Oct. 31, 2019

This email is directed at any NFLPA-certified contract advisor interested in how the NFL draft works as well as the months leading up to the draft. Note: We are not endorsed, sponsored, or otherwise affiliated with the NFLPA.
Discussion: The NCAA's Decision
As we discussed last week, we'll use this space to bring together the leading voices in the recruiting and personnel community, and today, we asked several leaders in the business this question: 

The NCAA has voted to allow players to profit off their names, images and likenesses. How do you see this affecting recruiting? Will the rich get richer as big schools with major followings dominate the skill positions? Will schools in less populous or rural settings (Illinois, Boise State, Texas Tech) struggle to attract major talent? Will it have a negligible effect on competitive balance as the best schools attract the best players and others make do with the rest? Or will have some other effect? 
Here are some of the responses. Unfortunately, we had to keep these anonymous to keep our friends in the business from having to pay for their candor.
  • "The unfortunate reality is this legislation will likely be another of the NCAA's loosely constructed rules that will go unenforced at that national level. Colleges will be asked to monitor this activity locally, but each conference and school will interpret the permissibility of actions differently, further enhancing the competitive imbalance that already exists. I don't know if the college setting (city vs. country) will impact recruiting as much as the ability to translate fan and donor support into marketing dollars. What will prevent a billionaire benefactor from providing lucrative contracts from his or her corporation to student-athletes at their alma mater? The schools that will ultimately gain the most significant recruiting advantage are those with the largest fan bases, wealthiest donors and most liberal compliance offices. This is an extremely complex issue that needs significant attention before it goes into effect."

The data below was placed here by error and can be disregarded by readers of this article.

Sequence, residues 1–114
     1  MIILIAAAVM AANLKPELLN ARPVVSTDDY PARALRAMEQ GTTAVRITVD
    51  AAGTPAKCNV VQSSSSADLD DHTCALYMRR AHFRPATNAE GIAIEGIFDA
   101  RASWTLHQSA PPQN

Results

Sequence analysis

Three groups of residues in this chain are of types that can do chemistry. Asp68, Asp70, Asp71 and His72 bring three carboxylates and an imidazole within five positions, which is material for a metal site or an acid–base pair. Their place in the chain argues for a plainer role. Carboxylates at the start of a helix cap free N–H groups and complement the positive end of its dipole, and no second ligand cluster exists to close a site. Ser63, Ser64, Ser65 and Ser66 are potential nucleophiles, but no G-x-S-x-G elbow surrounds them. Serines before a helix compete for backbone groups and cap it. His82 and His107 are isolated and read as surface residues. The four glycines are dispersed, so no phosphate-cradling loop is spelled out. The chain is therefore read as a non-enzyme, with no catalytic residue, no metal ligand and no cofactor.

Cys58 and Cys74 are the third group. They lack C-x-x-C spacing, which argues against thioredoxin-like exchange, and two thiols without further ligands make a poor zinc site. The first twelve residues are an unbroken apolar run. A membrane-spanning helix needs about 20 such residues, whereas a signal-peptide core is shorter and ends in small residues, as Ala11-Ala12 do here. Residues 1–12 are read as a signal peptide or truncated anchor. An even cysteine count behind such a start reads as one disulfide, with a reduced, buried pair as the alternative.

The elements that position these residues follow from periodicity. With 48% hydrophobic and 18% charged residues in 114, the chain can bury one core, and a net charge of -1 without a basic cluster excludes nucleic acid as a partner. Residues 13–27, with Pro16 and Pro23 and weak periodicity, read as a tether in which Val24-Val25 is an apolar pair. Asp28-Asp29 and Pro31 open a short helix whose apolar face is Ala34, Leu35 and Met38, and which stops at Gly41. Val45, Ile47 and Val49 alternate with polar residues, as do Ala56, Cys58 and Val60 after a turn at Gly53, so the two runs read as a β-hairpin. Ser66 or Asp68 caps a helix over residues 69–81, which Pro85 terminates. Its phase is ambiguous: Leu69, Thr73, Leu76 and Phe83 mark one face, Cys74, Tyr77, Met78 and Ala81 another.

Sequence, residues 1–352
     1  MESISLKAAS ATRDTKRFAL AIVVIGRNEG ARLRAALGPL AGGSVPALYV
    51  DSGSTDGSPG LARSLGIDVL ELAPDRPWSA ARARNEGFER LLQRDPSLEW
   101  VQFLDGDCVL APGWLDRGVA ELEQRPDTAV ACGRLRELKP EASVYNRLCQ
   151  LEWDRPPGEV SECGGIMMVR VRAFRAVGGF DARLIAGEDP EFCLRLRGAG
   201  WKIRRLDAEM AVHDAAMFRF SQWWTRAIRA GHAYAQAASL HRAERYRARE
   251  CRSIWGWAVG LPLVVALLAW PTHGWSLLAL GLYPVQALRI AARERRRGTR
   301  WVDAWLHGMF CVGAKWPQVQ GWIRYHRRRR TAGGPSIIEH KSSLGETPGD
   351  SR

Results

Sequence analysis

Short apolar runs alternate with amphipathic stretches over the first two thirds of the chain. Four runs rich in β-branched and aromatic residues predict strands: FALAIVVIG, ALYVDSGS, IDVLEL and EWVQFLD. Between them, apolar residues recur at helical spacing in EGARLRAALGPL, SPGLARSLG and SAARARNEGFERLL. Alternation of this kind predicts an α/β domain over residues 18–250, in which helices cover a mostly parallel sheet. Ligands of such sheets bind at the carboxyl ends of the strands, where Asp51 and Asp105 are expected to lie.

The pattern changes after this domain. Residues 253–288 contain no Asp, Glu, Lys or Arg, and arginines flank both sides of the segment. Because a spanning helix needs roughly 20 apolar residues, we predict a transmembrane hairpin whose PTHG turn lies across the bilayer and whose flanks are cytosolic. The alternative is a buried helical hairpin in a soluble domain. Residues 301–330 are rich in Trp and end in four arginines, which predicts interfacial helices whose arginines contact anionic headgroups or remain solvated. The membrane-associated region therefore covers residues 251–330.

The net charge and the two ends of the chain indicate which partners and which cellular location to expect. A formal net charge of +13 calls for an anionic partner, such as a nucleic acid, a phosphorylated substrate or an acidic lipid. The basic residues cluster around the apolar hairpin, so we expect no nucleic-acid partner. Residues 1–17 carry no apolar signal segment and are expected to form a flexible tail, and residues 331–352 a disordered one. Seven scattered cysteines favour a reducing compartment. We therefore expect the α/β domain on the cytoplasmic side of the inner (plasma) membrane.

• "We have the generalized name, image and likeness (NIL) plan. Now we need to see the intricacies and the layout. This rollout can completely flip the college recruiting process 180 degrees. The NCAA will have to very delicately balance student-athletes' ability to profit off their NIL while ensuring boosters' inability to influence the recruitment of prospective student-athletes." 
  • "I'm surprised that the NCAA made their decision to do what they did, it will be interesting to see how this will work, what and how the oversight will be.  As far as recruiting, I think it could go a few different ways.  You could have huge markets that will have several opportunities for student athletes to create additional avenues of pay and you then you have schools that have great historic programs, i.e. Alabama in Tuscaloosa or Georgia in Athens, that do not have the markets where their school is located, but do have large cities within an hour.  Does a school like Vanderbilt now have an increased opportunity to attract (student-athletes) being in the largest city in the SEC?  Maybe."
Would you like to weigh in on similar topics in the future? If you're a part of the NCAA personnel/recruiting community, we'd love to hear from you. Naturally, we will keep your responses anonymous. Let us know if we can reach out from time to time. 

Inside The League is the consulting service for the football industry. We work with the contract advisors for about two-thirds of active NFL players as well as the combine trainers, financial planners, scouts, coaches and other pro league organizers that make up the game. Cost is $29.95/month, and you can cancel at any time. To register, click here. Also check out our new free blog, Succeed in Football. Copyright Neil Stratton and ITL.

Sincerely, Neil Stratton
Inside the League

Features & Grids
2019 Rep Rumblings
2019 Draft by Pick
Stay Connected
Inside the League | 832-443-3350 | nstratton@insidetheleague.com | http://www.insidetheleague.com